The ‘A’ Factor: accountability for locally led adaptation – episode 2 of podcast mini-series
In the second episode of ‘Locally led adaptation – a time for action’, organisations that have signed up to the principles of locally led adaptation are held to account by two expert judges. Will their plans for tracking progress on putting local people in control of local level adaptation make the grade?
IIED has released the second podcast in the mini-series ‘Locally led adaptation – a time for action’.
In this episode, ‘The ‘A’ Factor: accountability for locally led adaptation’, IIED’s Aditya Bahadur is joined by four global practitioners and researchers from organisations that have endorsed the eight principles for locally led adaptation to climate change. Each spells out what they propose to do to enable local people to be in the driving seat of climate adaptation decision-making, and how they will be able to show they are achieving these aims.
The episode’s innovative format is modelled on the UK television programme ‘The X Factor’. On this occasion, the ‘A’ factor stands for 'accountability', and after each ‘contestant’ has presented their plans, two expert ‘judges’ hold them to account. Do they think their ideas will work? What do the judges like and what needs to change?
Judge Lisa Schipper’s reacted to one contestant’s pitch by saying "I think that Colin has painted a fantastic fantasy…" while judge Sheela Patel had even tougher words about another presentation: "I am… I’m taking deep breaths because there is nothing more disempowering than the whole monitoring and evaluation hypocrisy that we see today in development". Listen to the episode to find out more.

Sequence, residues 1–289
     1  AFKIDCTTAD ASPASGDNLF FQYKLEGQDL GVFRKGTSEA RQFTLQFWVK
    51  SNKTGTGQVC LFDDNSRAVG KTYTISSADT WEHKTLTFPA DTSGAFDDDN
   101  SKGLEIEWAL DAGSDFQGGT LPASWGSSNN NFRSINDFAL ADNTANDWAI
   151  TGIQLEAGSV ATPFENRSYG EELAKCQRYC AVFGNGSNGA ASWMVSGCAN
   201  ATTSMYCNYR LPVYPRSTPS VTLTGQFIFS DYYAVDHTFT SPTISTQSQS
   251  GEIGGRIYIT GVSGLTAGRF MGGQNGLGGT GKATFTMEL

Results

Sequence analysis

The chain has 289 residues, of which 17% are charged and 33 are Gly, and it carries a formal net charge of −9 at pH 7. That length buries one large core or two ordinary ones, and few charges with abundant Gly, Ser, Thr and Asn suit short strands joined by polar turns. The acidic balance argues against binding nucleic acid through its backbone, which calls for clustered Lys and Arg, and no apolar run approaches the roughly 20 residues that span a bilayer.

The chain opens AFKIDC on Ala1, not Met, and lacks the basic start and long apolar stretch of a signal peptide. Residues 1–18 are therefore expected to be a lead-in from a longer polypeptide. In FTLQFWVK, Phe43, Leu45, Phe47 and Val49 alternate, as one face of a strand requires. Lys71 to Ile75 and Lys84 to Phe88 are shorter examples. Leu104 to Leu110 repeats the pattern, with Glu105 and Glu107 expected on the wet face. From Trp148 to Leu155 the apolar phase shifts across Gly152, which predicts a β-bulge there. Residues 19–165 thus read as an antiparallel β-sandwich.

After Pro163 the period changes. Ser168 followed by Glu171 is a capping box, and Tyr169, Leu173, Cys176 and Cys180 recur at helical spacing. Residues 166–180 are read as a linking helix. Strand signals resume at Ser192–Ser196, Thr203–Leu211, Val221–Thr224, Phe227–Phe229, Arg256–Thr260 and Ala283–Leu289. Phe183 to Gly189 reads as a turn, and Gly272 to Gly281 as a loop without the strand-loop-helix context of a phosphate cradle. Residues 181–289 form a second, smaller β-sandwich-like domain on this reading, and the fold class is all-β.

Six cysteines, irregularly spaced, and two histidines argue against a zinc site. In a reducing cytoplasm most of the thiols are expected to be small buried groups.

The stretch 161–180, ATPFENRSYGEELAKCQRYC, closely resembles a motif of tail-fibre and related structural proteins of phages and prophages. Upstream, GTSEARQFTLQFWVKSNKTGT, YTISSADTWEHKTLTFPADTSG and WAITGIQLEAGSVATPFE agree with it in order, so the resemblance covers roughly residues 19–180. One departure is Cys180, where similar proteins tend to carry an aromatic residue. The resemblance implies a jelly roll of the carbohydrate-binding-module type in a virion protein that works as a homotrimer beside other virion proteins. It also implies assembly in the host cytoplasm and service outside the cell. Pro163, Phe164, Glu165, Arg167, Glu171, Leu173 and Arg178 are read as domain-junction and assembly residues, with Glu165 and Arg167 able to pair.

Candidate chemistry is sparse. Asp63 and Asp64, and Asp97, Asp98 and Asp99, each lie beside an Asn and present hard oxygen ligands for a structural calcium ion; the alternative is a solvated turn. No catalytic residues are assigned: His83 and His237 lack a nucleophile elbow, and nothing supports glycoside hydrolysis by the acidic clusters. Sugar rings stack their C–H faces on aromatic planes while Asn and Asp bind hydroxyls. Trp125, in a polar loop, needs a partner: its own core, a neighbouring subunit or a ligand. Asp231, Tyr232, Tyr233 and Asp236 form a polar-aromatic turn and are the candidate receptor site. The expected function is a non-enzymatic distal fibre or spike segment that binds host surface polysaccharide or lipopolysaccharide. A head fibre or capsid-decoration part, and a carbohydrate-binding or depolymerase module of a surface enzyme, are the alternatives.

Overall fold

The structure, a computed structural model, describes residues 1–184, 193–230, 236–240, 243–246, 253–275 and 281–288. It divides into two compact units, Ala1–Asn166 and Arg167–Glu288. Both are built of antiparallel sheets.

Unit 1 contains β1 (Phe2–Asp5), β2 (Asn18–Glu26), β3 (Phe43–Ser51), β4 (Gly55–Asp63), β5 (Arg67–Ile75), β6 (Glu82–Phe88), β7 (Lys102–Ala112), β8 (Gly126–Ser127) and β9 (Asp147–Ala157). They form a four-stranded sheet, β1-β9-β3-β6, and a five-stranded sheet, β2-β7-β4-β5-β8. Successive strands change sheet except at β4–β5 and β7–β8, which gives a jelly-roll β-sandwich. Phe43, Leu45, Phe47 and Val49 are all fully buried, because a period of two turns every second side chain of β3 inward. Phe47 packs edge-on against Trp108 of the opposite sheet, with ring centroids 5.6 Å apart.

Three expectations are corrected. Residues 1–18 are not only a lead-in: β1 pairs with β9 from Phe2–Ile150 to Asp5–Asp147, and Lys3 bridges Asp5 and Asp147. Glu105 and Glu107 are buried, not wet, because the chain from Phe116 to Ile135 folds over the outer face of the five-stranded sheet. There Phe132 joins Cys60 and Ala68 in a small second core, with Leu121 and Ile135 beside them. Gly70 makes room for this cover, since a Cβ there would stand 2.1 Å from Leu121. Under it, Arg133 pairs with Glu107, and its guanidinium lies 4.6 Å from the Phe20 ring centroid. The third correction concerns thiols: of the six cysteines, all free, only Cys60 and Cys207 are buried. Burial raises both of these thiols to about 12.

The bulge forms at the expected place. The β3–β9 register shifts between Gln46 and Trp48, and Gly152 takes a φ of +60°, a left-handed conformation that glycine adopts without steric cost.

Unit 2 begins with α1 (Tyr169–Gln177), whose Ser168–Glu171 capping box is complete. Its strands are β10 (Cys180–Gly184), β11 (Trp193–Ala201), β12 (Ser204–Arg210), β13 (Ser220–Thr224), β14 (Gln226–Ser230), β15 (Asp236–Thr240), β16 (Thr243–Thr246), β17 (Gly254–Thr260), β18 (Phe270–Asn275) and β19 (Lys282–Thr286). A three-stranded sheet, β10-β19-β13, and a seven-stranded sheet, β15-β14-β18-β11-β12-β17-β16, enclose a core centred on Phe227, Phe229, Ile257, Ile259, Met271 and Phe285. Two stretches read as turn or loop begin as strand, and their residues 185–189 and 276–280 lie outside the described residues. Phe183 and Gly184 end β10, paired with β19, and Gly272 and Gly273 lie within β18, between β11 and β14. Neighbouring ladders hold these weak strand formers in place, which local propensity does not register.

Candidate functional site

This initiative emerges after 40 governments and leading organisations endorsed the principles for locally led adaptation at the Climate Adaptation Summit 2021. In the first episode, ‘From principles to practice: commitments from donor organisations’, representatives of three donor organisations that endorsed the principles discussed what they intended to do differently to put the principles into practice.
Participants in episode 2 are:
Dr Lisa Schipper, an environmental social science research fellow at the Environmental Change Institute at the University of Oxford. She has been researching adaptation and maladaptation to climate change in developing countries for over two decades, and looks at gender, religion and culture to understand what drives vulnerability
Sheela Patel, the founder and director of the Society for the Promotion of Area Resource Centres (SPARC) India, in Mumbai, and works in partnership with the National Slum Dweller Federation and Mahila Milan. She is widely recognised – nationally and internationally – for seeking urgent attention to the issues of urban poverty, housing and infrastructure onto the radar of governments, bilateral and international agencies, foundations and other organisations.
Colin McQuistan, head of climate and resilience at Practical Action. He has worked extensively on issues related to the poverty-justice dimensions of sustainable development, disaster risk reduction and climate change adaptation. His main areas of interest are in systems approaches, complexity, resilience, natural capital and the challenge of climate change.
Professor Saleemul Huq, director of the International Centre for Climate Change and Development (ICCCAD) and professor at the Independent University Bangladesh. He is an expert in adaptation to climate change in the most vulnerable developing countries, has been a lead author of the third, fourth and fifth assessment reports of the IPCC and advises the Least Developed Countries (LDC) Group in the UNFCCC.
Tamara Coger, senior associate in World Resources Institute's Climate Resilience Practice, where she helps to lead the institute’s work on locally led adaptation. She also supports WRI’s portfolio of adaptation research and programmes, including a focus on adaptation measurement and evaluation.
Simon Addison, principal researcher and team leader in IIED's climate governance and finance team, where he leads research and policy initiatives to develop innovative solutions to the climate emergency in low income countries, with a focus on the governance of climate risk and how to design and finance effective, locally-led adaptation action.